National strategy aims to get UK firms working abroad

27 September 2013 0 Comments

27 September 2013

The UK has a new ‘industrial strategy’ for construction, and it involves trying to get a bigger slice of the global construction pie. But will it work? Rod Sweet reports

Some British designers, consultants and contractors enjoy big international reputations, but the fact is, UK construction is a stay-at-home industry.

According to government figures, construction services and products account for only 2% of all UK exports.

Leading the modest charge are contractors, whose work abroad led to a UK net trade surplus of £590m in 2011, the government says.

Close behind are architects and surveyors, thanks to whom UK Plc sold £530m more in design and consulting services than it bought in the same year.

But dwarfing these surplus slivers is the UK’s £6bn trade deficit in construction products.

According to 2013 figures the UK exported £6bn worth of products and materials, but imported twice that – £12bn worth.

With domestic construction output growth weak and stuttering – apart from a slight upturn hailed this month in private house building - the UK government believes something must be done to revive an industry that employs 10% of the UK workforce, and one that is clearly ailing.

This summer it launched a new “industrial strategy” for construction, called “Construction 2025”. (Access it here.)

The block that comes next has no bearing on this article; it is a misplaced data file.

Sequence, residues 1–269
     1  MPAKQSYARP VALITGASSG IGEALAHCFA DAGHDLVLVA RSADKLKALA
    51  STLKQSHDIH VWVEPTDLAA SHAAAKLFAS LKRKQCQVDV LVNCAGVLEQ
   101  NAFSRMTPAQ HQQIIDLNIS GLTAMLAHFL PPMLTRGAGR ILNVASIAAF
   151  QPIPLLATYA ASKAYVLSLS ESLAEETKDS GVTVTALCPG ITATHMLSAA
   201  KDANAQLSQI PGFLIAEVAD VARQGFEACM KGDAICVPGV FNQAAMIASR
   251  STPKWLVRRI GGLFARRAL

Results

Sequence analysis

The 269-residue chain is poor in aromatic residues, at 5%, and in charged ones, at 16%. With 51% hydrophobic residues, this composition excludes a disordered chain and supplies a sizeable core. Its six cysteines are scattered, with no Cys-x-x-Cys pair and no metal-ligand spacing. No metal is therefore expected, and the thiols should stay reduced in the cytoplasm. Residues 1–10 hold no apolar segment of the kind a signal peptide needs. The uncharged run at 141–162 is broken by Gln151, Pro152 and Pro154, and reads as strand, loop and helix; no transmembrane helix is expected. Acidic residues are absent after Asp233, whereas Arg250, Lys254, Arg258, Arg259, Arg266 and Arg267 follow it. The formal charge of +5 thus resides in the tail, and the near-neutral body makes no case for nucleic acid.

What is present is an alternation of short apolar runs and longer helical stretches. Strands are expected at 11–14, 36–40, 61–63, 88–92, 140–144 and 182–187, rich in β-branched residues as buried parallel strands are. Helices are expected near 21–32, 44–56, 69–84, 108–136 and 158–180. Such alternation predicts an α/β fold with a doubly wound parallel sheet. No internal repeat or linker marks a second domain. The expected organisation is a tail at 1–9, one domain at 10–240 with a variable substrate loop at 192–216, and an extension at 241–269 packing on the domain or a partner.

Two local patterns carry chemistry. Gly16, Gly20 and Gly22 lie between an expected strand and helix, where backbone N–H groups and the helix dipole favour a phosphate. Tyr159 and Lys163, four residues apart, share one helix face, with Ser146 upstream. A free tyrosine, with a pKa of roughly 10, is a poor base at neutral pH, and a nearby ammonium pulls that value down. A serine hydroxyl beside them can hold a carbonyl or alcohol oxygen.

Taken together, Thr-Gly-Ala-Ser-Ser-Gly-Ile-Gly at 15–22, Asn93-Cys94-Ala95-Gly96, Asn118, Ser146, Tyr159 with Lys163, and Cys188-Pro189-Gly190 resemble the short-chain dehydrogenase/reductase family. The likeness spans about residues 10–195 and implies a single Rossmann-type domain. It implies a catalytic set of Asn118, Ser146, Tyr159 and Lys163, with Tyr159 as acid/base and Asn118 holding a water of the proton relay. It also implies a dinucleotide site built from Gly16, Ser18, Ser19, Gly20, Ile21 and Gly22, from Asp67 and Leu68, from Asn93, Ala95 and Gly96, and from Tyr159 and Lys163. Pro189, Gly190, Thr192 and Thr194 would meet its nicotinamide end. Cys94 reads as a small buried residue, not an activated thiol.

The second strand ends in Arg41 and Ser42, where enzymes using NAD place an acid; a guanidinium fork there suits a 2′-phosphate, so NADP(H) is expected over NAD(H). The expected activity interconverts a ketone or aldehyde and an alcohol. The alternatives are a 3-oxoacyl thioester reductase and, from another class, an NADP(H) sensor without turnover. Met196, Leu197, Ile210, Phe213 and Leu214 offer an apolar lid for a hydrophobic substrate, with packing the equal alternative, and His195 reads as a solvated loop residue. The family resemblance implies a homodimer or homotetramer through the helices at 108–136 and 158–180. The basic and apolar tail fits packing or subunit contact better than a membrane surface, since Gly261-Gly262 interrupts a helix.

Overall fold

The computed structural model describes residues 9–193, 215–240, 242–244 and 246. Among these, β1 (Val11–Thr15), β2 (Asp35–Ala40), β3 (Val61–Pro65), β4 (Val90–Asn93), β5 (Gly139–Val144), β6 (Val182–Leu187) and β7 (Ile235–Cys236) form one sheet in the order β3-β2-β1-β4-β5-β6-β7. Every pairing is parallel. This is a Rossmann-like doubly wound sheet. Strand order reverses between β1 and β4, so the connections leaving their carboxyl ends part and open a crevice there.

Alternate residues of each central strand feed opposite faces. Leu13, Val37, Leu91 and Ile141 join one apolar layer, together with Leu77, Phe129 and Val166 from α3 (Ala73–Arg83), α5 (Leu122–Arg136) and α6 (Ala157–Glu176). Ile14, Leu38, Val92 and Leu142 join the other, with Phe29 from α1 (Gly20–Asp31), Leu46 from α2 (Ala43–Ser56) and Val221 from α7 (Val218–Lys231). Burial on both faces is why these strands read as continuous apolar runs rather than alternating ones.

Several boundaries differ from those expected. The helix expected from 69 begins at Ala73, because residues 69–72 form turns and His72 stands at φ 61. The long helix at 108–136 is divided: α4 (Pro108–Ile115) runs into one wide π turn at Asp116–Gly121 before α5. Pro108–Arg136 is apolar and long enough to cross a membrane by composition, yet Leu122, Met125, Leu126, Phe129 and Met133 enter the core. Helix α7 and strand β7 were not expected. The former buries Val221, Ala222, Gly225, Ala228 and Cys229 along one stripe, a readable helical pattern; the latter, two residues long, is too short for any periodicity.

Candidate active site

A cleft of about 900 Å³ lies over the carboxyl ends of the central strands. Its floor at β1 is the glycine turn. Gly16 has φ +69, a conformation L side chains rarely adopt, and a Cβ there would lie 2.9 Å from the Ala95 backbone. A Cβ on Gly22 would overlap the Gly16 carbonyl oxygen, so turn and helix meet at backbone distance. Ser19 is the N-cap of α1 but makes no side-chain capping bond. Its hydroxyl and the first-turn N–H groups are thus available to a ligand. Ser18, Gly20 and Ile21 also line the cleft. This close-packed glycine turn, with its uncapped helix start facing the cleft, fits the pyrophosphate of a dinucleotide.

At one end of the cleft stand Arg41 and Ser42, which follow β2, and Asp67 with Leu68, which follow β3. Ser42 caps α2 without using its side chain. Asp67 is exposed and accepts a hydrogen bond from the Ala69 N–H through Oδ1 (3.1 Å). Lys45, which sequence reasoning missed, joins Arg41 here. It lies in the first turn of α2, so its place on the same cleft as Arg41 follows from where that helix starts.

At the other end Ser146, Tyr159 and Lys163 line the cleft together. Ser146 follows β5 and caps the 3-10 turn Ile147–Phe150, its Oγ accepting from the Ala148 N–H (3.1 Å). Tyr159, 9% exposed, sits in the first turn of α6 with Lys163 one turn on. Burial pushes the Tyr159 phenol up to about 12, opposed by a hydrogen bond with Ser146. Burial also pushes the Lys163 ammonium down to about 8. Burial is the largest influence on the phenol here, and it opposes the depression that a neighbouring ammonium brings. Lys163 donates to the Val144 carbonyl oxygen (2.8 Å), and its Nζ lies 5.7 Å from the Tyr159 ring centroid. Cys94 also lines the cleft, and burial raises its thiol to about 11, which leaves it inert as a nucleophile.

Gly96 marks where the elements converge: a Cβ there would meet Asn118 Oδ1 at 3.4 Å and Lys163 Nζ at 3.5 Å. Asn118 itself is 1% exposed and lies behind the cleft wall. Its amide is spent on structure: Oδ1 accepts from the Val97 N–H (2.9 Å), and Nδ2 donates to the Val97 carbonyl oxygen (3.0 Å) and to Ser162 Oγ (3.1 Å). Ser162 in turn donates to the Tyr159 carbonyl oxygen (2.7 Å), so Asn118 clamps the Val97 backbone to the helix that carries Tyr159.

Over the years many reports have tried to spur improvement in the industry (and bring down the cost of public sector projects) and this latest sets out three goals that echo previous missed targets: 1) a 33% reduction in the capital and the whole-life cost of built assets; 2) a 50% cut in build time, and 3) a 50% reduction greenhouse gas emissions.

But it contains a fourth, which is new: a 50% reduction in the UK’s construction trade gap.

Seizing the imagination of politicians is just how much construction is booming elsewhere in the world, while it stagnates at home.

World construction output will grow by more than 70% to $15 trillion by 2025, according to a July report by Global Construction Perspectives and Oxford Economics.

But China, India and the US will account for almost 60% of that growth.

And generally the action is in emerging markets where 52% of all construction activity is today, a proportion that will rise to 63% by 2025, the report says.

(Jiri Hodan/Wikimedia Commons)

Europe meanwhile faces a “lost decade”, the report’s authors say. Thanks to population decline and sovereign debt pressures Western European construction output will grow by only around 1% per year to 2025.

Growth in the UK will be twice as fast, thanks to a housing shortage and an infrastructure modernising drive, but 2% per annum growth is cold comfort for politicians desperately anxious to boost employment.

So what’s the plan?

The strategy’s authors blame the UK’s poor construction export figures on the fact that, in their words, “very few of our prime companies lead on overseas projects”.

Notwithstanding high-profile wins, such as Mace and EC Harris, project managing Saudi Arabia’s Kingdom Tower, the lion’s share of international bread and butter is being gobbled up by other countries.